Photograph by Michael Melford
From the November-December 2010 issue of National Geographic Traveler
(Score: SW 70/NW 45) The coast of Jamaica offers a tale of two shores: the party-hearty northwest coast, headlined by the popular resort towns of Montego Bay and Ocho Rios, and the low-density alternative along the southwest coast, where you can form rewarding bonds with the locals. (In between lies Negril, which earned a subpar score of 46 in our 2004 rankings and is something of a mixture of both places.)
The southwest coast embraced eco-friendly tourism in the 1970s and touts its abundance of attractions—old-growth forests, bird-flocked estuaries, centuries-old sugarcane plantations, and miles of beaches. “Both Jamaicans and foreigners [here] are trying to learn from [the mistakes of] other parts of Jamaica by developing while maintaining the sense of place,” says sustainable-tourism consultant Chris Seek. Jamaican-born Jason Henzell, owner of the local Jake’s resort, says: “Here you can be part of a community of people full of pride in where they live.”
Treasure Beach, a series of four coves blessed with golden sand (hence the name), offers the classic Caribbean pastimes of sunbathing, beachcombing, and snorkeling in the atmosphere of an art colony: A popular art school teaches painting, and the area’s annual Calabash literary festival—organized by Henzell’s sister, Justine—draws Nobel Prize-winning writers like Wole Soyinka and Derek Walcott.
Nearby Bluefields Bay is home to a string of fishing villages, where you can hire a boat to angle for snapper, kingfish, and tuna. Boat tours bring you face-to-face with crocodiles, egrets, hummingbirds, owls, and grebes at the portentously named Black River Great Morass, the largest wetland in the English-speaking Caribbean. And you can pay your respects to a reggae pioneer at the Peter Tosh Memorial Gardens, a tiny museum and monument maintained by his family in the village of Belmont.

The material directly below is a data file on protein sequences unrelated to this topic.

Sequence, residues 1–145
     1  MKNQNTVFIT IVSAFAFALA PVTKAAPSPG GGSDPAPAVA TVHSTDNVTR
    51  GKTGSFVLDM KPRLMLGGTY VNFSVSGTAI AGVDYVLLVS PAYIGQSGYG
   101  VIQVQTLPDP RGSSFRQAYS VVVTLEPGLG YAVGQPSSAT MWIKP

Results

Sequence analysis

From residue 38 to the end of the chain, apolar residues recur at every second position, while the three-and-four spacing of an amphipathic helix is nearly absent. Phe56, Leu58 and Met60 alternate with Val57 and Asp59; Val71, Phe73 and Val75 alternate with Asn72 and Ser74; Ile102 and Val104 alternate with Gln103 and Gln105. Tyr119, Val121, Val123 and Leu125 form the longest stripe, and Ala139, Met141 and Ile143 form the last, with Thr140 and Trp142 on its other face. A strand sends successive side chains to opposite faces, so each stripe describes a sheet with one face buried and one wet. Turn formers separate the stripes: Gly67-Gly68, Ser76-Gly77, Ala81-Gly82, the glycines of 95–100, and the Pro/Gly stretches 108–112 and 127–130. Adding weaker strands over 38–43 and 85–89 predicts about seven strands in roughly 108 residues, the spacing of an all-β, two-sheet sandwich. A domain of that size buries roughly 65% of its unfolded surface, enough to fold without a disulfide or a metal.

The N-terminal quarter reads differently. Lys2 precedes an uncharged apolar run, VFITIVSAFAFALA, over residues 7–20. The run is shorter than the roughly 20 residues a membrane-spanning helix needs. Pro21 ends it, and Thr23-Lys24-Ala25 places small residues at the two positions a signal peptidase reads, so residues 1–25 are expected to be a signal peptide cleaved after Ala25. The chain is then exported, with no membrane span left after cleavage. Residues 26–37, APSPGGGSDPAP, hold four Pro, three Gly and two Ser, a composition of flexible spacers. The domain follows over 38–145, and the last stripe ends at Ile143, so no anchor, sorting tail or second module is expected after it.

This region also is considered Jamaica’s breadbasket. Local organic farmers offer free-range chicken, fresh-caught fish, and heaping platters of just-picked sweet peppers, pumpkins, papayas, mangos, eggplants, and melons. The drink of choice? Appleton Rum, made at a nearby estate.
Jason Henzell notes that communities here are implementing a sustainable master plan for development that emphasizes environmental awareness. But threats remain, including bauxite mining in the neighboring hills. Also of concern to some locals: the advance of all-inclusive resorts from the north. In 2005 the Sandals chain opened a posh resort, Whitehouse, designed to look like French, Dutch, and Italian villages. “We’re really hoping no more are planned,” says Henzell.
Such all-inclusive resorts, where you never have to leave the grounds, define the lower-scoring northwest coast around Ocho Rios and Montego Bay. The area, according to Larry Bleiberg, a former editor at Coastal Living magazine, is “more a resort theme park than an authentic slice of the Caribbean.” Also affecting the region: a proliferation of new hotels, weak coastal-management plans, careless snorkelers (and outfitters) who damage the reefs, trash (both on land and in the waters), and increased bauxite mining. But some panelists express optimism, citing Ocho Rios for being “aesthetically pleasing with vibrant colors and local architecture,” and plans that call for the historic town center of Falmouth to “be landscaped with many palm trees, flowering plants, and benches, and restricted to pedestrian traffic.”
Contributing editor Jay Walljasper writes about sustainability issues.
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